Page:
30 Sep

Underneath the Stars in Paris | DIFFA Picnic by Design

The Soft Design Lab team loves to give props to our fellow designers…

Check out Robin Colton,  Robin Colton Design Studio in Austin, TX’s  post about her table for  DIFFA Picnic by Design. Back in June, Robin was telling me about the project at the Austin ASID chapter’s Elevate event that I spoke at.  She was inspired by a her trip to Paris and being a fellow Franc-o-phile we reminisced as she laid out the details of the table project. I am so excited to be able to share the process and the project with you .  Props, Robin!


Last Spring, I travelled with my family to France and dined (and danced) under the stars in Paris.  Each evening, sitting at a cafe table in Paris, I saw more than the company I was with and the food I was served.  I could see PARIS.  The feeling of that moment – the time in the evening when friends, family, and lovers fill the outdoor cafe tables to dine together – this was the inspiration for my picnic table presented at DIFFA’s Urban Picnic by Design.

Preparations began immediately following the honor of acceptance as one of the inaugural Designers for the event.  I partnered with David Wilkes Builders to execute my vision of dining under the stars in Paris.

The initial concept was to create a canopy structure that would house hundreds of tiny lights to act as the stars for the evening.  A few iterations on materiality and support for the canopy landed me in the steel fabricators shop sketching out the details of the steel structure that would act as the base for hundreds of ‘stars’, the night sky, and a nod to the architecture of Paris with a custom crown molding.



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Details are king when designing any space, structure, or even picnic table and basket.  Creating a cohesive design from start to finish was paramount.


Sewing the custom pink satin liner for the picnic basket.  The basket was completely transformed from its original state to include metallic paint on the exterior, the custom pink satin liner, removal of the original handles and the addition of a custom fabricated acrylic lid with a lovely acrylic and brushed steel handle.  Fabrics were generously donated by Kravet and the pull was also donated by my friend Jonathan Heibert with Push Pull Open Close.

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As Paris is the birthplace of Haute Couture, and because of my deep love for all things fashion, I created hand illustrated the backs of my custom head chair slipcovers.  Inspired by the fashionable ladies of Paris today and from years past (note the Marie Antionette inspired hair), with their pink ruffles and ostrich feathers these ladies helped set the tone for the evening.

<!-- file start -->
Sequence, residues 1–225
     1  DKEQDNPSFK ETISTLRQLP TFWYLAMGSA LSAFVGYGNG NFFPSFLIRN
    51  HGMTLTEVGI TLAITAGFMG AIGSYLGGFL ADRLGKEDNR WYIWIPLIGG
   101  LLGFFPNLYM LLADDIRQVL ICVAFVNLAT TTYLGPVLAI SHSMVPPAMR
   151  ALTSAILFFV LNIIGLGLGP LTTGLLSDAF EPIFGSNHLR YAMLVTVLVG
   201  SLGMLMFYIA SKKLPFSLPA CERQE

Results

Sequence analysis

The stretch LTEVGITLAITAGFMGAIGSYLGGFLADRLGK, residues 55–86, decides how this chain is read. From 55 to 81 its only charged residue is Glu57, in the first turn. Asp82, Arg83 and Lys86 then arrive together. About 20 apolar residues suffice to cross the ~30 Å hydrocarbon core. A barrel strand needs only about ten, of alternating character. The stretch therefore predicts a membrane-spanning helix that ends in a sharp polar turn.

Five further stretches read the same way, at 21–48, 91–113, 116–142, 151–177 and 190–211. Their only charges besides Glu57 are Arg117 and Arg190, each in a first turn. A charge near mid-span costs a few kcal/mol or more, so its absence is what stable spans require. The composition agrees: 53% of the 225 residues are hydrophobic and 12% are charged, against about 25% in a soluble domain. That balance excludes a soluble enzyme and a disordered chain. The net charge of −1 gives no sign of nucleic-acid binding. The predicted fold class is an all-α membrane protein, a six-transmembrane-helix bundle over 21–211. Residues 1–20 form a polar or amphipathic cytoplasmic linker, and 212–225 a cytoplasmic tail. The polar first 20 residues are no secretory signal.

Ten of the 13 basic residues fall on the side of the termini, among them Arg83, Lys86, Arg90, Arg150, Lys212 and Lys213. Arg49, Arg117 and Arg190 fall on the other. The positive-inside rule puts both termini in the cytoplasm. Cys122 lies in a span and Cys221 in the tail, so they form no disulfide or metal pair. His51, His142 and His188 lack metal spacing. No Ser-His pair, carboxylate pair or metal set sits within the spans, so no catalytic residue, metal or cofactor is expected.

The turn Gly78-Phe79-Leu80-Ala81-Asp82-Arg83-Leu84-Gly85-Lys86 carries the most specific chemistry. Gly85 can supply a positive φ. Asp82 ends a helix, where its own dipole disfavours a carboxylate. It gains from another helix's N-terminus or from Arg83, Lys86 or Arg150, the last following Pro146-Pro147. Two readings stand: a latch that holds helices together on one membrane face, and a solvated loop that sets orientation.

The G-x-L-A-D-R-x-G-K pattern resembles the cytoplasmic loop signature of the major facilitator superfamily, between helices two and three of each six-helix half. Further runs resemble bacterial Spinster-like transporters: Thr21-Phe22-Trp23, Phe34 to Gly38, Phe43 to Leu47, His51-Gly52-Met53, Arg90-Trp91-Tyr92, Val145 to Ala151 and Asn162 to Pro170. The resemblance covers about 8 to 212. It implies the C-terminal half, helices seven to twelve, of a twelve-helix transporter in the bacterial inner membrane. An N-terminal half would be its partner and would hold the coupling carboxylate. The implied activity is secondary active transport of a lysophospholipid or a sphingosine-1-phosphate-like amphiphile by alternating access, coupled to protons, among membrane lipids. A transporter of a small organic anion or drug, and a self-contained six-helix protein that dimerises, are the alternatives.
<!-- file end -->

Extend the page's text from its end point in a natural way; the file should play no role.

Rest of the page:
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Final preparations under way the day of the event!

The custom fabricated and painted table top is on and the GORGEOUS antique mirror top is installed.  (See the lovely banquet tables in the background that each designer started with.)


Our steel canopy with crown moulding is ready to place on top of the table.13

The stars are illuminated in preparation for the guests arrival.


The city of Paris integrates the new with the old seamlessly.  The antique mirror table top was a lovely juxtaposition to the modern steel structure.


A suitable ‘french chic’ picnic outfit is selected complete with new pink sparkly Kate Spade shoes (a birthday treat – my daughter and I chose matching shoes – what wardrobe is complete without a little sparkle).


And the final result!  An evening in Paris under the stars – right here in Austin!

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I had such an amazing time dreaming of Paris as I designed the table.  The event was a huge success even exceeding expectations of the organizers in raising money for AIDS Services of Austin (it’s not too late to donate if you like).  I look forward to the event next year and hope that I am able to participate.  I know it will be even bigger and better for those of you who were not able to make it!22


David Wilkes Builders : (including Todd Campbell, Steve Messenger, Alan Heine, Jim Donovan)

Anchor Ventana : donation of glass table top

Kravet Fabrics : donation of fabrics used on basket and napkin rings

Personal Wine : supplied wine and engraved wine box for picnic basket

Coleman Interiors : custom slipcovers

Push Pull Open Close : picnic basket handle

Dog Iron Press : sponsorship of table top decor

BPI Team : sponsorship of florals, ribbons, and vases

Professional photos Jake Holt Photography (photos under final result and first photo of post)


22 Sep


Over the past couple of years as designers have worked hard to redefine our industry and carve out new niches and business models  an alarming trend has emerged.  Individuals of questionable levels of design education, experience, training, and practice are claiming DESIGN EXPERT status in an attempt to differentiate themselves from the pack.